From Cameron Cole at Rooted Ministry:
When we do not preach the Gospel, this is what we say: Everything is fine.
We say that our problem with sin is not that severe; we can fix our problems with a little effort. We say that death is not a real thing; we can kick that can down the road. We say that the world is generally fine; it’s not in need of radical rescue. We say that our need for God’s redeeming love and power is not that great.
Well, I have an offer for anyone who thinks “everything is fine,” given what I have witnessed in the last three months. I have a free plane ticket for you to tell my friends or me that everything is fine. Look my student’s parents in the eye and tell them that death is not real. Sit down with my addict friend and tell him just to try a little harder. Tell the wife of my friend with cancer that the things in the world are generally good.
This why its imperative preaching goes deeper than “Jesus, man.”
Throughout the history of American revivalism (and its historical precedents), the clever and successful evangelist proclaims traditional churches ineffective or apostate. There are the usual declamations against “clericalism”—in other words, a trained and ordained ministry. And then, eventually, the movement becomes a sect and the leader becomes a lord.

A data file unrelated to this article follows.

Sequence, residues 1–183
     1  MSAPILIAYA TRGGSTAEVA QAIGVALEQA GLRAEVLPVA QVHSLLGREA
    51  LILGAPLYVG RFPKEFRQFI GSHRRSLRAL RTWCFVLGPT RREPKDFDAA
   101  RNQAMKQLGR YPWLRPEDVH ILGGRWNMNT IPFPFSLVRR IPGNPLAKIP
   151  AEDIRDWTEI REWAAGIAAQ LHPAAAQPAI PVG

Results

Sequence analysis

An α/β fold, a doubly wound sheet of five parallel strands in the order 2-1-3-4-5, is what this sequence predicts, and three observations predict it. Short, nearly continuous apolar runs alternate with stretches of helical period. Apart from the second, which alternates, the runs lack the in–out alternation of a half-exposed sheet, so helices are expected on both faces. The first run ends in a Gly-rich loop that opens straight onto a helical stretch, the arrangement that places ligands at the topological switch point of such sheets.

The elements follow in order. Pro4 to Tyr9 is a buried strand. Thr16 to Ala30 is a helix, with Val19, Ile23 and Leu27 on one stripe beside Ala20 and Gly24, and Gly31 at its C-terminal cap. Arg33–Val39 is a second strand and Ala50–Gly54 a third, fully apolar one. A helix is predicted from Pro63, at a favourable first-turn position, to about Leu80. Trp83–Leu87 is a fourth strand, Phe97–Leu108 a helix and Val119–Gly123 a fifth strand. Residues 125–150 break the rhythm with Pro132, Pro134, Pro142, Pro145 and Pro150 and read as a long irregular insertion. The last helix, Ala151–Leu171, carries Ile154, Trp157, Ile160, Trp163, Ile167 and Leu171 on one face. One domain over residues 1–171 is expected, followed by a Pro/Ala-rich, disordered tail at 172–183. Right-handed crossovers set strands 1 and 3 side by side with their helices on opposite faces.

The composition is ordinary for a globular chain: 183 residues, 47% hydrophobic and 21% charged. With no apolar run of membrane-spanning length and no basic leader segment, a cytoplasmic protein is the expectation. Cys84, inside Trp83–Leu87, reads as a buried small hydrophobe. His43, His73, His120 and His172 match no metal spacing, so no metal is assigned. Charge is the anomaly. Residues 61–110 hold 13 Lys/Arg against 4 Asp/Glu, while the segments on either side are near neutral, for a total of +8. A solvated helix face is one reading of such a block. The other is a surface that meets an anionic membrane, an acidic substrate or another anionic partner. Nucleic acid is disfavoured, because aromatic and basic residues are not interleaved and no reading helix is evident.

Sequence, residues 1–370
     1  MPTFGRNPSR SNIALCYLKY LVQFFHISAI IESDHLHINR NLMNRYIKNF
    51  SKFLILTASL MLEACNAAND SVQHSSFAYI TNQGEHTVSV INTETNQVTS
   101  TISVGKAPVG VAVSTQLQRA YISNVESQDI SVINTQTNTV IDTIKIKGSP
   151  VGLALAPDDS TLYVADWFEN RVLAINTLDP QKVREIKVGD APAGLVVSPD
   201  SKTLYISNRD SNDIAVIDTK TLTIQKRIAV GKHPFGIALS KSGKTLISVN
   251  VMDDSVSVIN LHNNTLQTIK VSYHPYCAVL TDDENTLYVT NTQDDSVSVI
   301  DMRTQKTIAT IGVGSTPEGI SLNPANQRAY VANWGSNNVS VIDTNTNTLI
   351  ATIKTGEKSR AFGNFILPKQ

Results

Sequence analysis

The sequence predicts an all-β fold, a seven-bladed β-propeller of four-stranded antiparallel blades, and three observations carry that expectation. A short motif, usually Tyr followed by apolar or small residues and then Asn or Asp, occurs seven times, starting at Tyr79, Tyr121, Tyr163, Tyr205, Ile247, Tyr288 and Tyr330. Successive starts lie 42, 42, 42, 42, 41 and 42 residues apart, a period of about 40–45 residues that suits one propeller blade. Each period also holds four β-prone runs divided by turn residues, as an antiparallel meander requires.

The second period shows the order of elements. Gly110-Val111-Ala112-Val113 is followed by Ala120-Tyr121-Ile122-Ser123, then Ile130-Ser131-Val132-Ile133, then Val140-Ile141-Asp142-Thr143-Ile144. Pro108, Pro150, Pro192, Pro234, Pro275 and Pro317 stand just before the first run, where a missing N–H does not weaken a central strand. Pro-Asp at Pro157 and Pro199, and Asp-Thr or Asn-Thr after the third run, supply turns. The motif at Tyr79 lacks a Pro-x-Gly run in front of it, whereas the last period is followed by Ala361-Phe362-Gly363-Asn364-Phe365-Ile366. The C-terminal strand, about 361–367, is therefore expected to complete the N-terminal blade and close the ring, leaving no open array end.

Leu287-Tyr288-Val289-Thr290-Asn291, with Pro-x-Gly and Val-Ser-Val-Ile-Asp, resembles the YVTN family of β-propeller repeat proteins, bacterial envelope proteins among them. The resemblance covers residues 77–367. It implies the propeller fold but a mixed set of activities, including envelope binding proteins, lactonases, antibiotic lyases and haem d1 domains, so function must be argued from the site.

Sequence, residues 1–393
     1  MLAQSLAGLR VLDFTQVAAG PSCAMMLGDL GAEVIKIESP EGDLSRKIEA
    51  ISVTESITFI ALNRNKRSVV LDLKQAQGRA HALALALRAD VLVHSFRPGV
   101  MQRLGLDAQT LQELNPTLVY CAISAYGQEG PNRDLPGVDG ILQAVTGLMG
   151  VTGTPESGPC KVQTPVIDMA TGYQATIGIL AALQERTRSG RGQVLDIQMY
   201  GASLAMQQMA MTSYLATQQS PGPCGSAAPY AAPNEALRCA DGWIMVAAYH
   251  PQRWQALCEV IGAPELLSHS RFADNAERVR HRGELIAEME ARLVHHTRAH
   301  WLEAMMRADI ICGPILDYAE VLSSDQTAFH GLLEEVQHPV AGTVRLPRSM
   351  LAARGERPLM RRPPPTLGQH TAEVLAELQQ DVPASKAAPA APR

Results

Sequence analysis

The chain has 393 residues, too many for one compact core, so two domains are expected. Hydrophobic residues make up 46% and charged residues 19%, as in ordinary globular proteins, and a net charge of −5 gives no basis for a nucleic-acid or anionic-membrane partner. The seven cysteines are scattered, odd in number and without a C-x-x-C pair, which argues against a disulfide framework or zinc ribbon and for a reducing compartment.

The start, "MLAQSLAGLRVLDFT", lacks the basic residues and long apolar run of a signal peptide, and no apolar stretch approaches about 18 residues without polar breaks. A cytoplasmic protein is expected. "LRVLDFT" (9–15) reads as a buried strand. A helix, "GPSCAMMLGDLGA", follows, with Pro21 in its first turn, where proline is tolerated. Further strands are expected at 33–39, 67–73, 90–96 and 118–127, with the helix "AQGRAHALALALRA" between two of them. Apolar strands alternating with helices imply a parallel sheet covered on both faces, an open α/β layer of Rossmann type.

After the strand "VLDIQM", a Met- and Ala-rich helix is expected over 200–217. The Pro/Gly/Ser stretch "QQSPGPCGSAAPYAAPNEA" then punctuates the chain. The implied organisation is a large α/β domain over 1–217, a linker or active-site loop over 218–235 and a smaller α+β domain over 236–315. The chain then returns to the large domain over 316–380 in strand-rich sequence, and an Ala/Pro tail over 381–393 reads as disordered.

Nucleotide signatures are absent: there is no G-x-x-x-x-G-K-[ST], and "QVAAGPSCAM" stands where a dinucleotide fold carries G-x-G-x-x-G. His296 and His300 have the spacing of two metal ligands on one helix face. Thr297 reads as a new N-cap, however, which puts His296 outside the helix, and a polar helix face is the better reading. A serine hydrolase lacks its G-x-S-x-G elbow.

Even in “Young, Restless, Reformed” circles, crucial teachings in Scripture are put on the back burner or even silenced by the line, “It’s not a gospel issue.” But in the Great Commission our Lord called the apostles not only to preach the gospel but to baptize and to “teach them everything that I have commanded you.” And that “everything” includes what he taught through the apostles concerning the ordained ministry.There are many things that may not be “gospel issues” that we are nevertheless commanded in Scripture to embrace and practice. Furthermore, how can one say that baptism and the public offices are not gospel issues, when Christ applies his gospel to us in Word and Sacrament?
I miss the good old days when paedobaptists and Baptists used to hold baptism and the Supper as well as the offices seriously enough to disagree about them. Today it seems that they have become silly trifles. If that’s what unity in the gospel means, then it is a far cry from the gospel according to Jesus.
– Dr. Michael Horton; The Ministry IS A Gospel Issue
I spell Presbyterian with a capital “J-O-H-N-K-N-O-X.” The link at the bottom only strengthens my stubborn spelling.
For anyone in the northwest corner of North Carolina, I’d like to extend an invitation to the church
to whom I belong, Redeemer Yadkin Valley (PCA). You will hear, see, taste, and sing the good news of the Gospel of Jesus Christ.
Those who already call a confessional Presbyterian and/or Reformed church home can attest to the proverbs below and the full list (see citation).
Grace walks softly. Loud and flashy don’t awaken it and they seldom describe it. Mix simple worship, solid preaching and the sacraments – let grace appear in its own time and its own way.
Catholic converts cleaveth unto the church but Evangelicals are a church unto themselves. Former Catholics respect the church and its government while broad Evangelicals take years to “get it,” if they ever get it at all.
A clearly preached gospel gives more hope than anything else you can say or do.
– from Presbyterian Proverbs